This is one close-up Louis B. Mayer wasn’t ready for
There was a time when it seemed that Billy Wilder would live forever. Although he stopped directing films in 1981, he remained sufficiently cogent many years thereafter to believe a return was imminent. It’s now been four years since his passing, and he would have been 100 this June (2006). Wilder, despite his many achievements, never quite won over certain critics. The joke used to be that he had lived long enough (i.e., longer than many of those critics) to see his critical assessment improve. There’s no more Wilder as he once remarked to William Wyler about Ernst Lubitsch following the latter’s funeral but there are Wilder films. That many of them have endured may be the most significant indicator of his legacy.
One criticism of Wilder (right) is that he lacked the visual style of such contemporaries as John Ford, Alfred Hitchcock, and Orson Welles. Wilder is somewhat unique, however, as he was a screenwriter who became a director. To that end, Wilder’s films, which he continued to co-write, were always driven more by dialogue than camera angles and mise-en-scene. He seemed to think more like a screenwriter than a director. If that was a weakness from a technical standpoint, it was a strength from a literary one. Wilder from the start had a penchant for stories that were both novel and, for the times, daring. Double Indemnity (1944), his third film, had protagonists who commit premeditated murder, while his next, The Lost Weekend (1945), proved to be Hollywood’s first serious treatment of alcoholism. In theory, neither film should have been particularly successful. Not only were both box office hits, they garnered a combined twelve Oscar nominations and four wins.
At the point Wilder turned his gaze on Hollywood itself, the film industry was in the midst of one of its periodic transitions. The studio system was being laid to rest, while television was beginning to have a negative impact on the number of filmgoers. Against that backdrop, there’s an element of adding insult to injury to Sunset Blvd. (1950). Or at least Louis B. Mayer may have thought so. Following a screening of the film, Mayer told Wilder he’d disgraced the industry that had made and fed him and that he should be tarred and feathered and run out of Hollywood. There are enough accounts of Mayer’s rebuke, as well as Wilder’s obscene retort, to conclude that the incident is not apocryphal. The confrontation is certainly striking for its anecdotal value, and it’s been recounted in most Wilder biographies. Mayer always comes off as the villain, not merely because he was the instigator but because Hollywood moguls occupy a place in our collective psyches somewhere between dictators and used car salesmen. But, in terms of its symbolism, Mayer’s tirade was something more than that. In hindsight, it seems like the dying gasp of an individual who realized his day, like those of the silent film stars portrayed in the film, had passed. It wasn’t merely the studio system. It was Mayer himself, who would be ousted at MGM the following year by Dore Schary.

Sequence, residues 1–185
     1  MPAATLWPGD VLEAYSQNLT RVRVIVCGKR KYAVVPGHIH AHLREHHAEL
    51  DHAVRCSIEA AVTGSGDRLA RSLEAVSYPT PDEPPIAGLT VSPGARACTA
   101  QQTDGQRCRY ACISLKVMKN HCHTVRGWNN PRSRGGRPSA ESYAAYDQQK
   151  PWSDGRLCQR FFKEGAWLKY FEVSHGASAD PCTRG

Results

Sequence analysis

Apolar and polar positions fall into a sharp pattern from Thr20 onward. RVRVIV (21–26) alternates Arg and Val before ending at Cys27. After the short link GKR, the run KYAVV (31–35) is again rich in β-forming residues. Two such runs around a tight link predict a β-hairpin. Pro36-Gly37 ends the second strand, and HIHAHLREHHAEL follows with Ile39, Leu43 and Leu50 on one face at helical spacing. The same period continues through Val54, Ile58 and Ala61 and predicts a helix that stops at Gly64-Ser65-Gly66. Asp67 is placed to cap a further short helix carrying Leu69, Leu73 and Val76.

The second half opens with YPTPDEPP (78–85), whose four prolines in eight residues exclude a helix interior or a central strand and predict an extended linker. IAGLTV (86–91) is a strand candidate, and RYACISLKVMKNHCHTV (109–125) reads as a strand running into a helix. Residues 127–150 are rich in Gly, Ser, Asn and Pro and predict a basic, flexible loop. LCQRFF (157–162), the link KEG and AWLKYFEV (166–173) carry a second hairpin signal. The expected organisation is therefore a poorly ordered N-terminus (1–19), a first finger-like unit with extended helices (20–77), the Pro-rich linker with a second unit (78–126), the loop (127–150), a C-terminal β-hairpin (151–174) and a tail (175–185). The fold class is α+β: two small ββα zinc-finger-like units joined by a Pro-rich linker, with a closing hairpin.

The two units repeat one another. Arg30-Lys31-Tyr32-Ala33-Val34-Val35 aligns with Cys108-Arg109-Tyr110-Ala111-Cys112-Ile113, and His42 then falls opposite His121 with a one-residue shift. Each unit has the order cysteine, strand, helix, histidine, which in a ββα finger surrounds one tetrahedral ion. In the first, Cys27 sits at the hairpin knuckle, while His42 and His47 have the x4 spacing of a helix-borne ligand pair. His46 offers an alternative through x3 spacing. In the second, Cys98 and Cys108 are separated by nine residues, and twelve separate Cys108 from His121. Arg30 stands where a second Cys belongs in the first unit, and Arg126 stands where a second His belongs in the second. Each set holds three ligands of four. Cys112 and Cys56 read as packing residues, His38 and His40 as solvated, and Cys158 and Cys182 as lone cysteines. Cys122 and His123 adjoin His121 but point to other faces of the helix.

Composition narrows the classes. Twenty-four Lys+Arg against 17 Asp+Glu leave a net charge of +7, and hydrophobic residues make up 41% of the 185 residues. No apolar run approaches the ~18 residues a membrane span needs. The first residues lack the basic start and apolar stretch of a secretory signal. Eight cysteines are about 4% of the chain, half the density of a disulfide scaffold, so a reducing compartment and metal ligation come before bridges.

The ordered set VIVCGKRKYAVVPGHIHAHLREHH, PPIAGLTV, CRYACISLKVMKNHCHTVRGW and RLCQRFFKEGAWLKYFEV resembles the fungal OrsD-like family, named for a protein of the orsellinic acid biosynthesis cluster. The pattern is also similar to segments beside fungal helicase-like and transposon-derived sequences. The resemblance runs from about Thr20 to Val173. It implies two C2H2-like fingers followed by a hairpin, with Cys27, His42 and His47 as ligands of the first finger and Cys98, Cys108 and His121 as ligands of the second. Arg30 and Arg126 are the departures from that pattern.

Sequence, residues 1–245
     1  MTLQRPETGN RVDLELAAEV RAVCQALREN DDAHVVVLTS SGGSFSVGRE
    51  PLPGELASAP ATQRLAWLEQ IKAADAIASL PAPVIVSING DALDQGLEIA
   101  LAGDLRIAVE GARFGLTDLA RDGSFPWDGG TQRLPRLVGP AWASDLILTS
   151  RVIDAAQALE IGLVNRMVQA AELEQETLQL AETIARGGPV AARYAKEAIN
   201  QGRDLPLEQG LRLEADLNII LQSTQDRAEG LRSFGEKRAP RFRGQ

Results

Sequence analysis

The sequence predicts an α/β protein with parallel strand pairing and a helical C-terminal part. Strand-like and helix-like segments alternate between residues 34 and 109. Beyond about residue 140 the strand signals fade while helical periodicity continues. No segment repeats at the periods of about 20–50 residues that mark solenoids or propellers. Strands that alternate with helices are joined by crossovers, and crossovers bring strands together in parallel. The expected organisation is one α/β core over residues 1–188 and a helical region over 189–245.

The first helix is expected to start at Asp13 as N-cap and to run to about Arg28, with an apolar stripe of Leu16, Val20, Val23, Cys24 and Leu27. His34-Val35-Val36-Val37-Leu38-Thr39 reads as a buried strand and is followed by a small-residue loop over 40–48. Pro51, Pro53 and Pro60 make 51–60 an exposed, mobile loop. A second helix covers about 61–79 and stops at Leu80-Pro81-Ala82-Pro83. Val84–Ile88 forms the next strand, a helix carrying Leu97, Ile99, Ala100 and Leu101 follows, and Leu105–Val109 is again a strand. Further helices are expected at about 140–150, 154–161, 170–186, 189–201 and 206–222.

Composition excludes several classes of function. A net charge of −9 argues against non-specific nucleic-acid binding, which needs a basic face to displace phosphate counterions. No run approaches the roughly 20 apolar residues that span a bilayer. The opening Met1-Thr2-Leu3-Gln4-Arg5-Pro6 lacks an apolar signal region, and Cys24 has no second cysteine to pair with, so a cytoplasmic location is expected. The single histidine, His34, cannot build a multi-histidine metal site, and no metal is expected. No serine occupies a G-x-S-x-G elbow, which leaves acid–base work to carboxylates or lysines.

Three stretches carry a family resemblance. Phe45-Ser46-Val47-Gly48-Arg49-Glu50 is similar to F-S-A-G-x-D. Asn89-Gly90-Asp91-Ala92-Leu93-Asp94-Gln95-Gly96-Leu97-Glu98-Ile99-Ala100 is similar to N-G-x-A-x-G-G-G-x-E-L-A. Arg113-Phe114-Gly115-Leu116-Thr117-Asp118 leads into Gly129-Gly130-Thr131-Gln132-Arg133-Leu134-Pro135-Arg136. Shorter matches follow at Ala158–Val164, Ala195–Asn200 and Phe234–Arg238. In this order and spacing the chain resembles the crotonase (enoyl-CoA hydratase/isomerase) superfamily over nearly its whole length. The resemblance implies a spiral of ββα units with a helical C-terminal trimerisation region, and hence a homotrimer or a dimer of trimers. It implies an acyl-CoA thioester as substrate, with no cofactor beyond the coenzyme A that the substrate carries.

That Sunset Blvd. is still considered the most famous film about Hollywood is something of a misconception. There are a number of memorable movies that are more about the actual business of making films, including The Player (1992) and The Last Tycoon (1976). What can be said is that Sunset Blvd. captured Hollywood’s mystique in its starkest terms a mystique more about failure than success, more about trying to get to the top than actually being there. The drama is amplified when the quest is not simply getting there, but getting back. Norma Desmond’s stay at the top was, in the scheme of things, much too short, swept away by the advent of talking pictures. What she’s seeking, a generation later, is something that hadn’t been accomplished in reality. There were a number of actual silent film stars who made the transition to talking pictures. There were none, however, who disappeared for twenty years only to return to stardom. Hollywood, of course, has never shied away from characters who accomplish feats unprecedented in reality. And that, perhaps, is a good starting point for the differences between Mayer and Wilder. If it can be said that such characters were never in short supply at MGM, it can also be said that they never seemed to make their way into Billy Wilder films. Sunset Blvd. was no exception. It proved to be a film about Hollywood without the Hollywood ending.
Scott Eyman, in Lion of Hollywood: The Life and Legend of Louis B. Mayer, relates that Mayer’s objection to Sunset Blvd. was premised on his belief that pictures ought to be beautiful, not vulgar. That belief appears to have been a continuous concern for Mayer. According to Richard Schickel, in his recent Elia Kazan: A Biography, Mayer lectured Kazan during the filming of The Sea of Grass (1947) that “[w]e are in the business of making beautiful pictures of beautiful people and anyone who does not acknowledge that should not be in this business.” That’s the mentality that helped make MGM the grandest of Hollywood studios. It’s also a mindset that’s at least somewhat at odds with the direction film was being taken by the likes of Wilder and Kazan.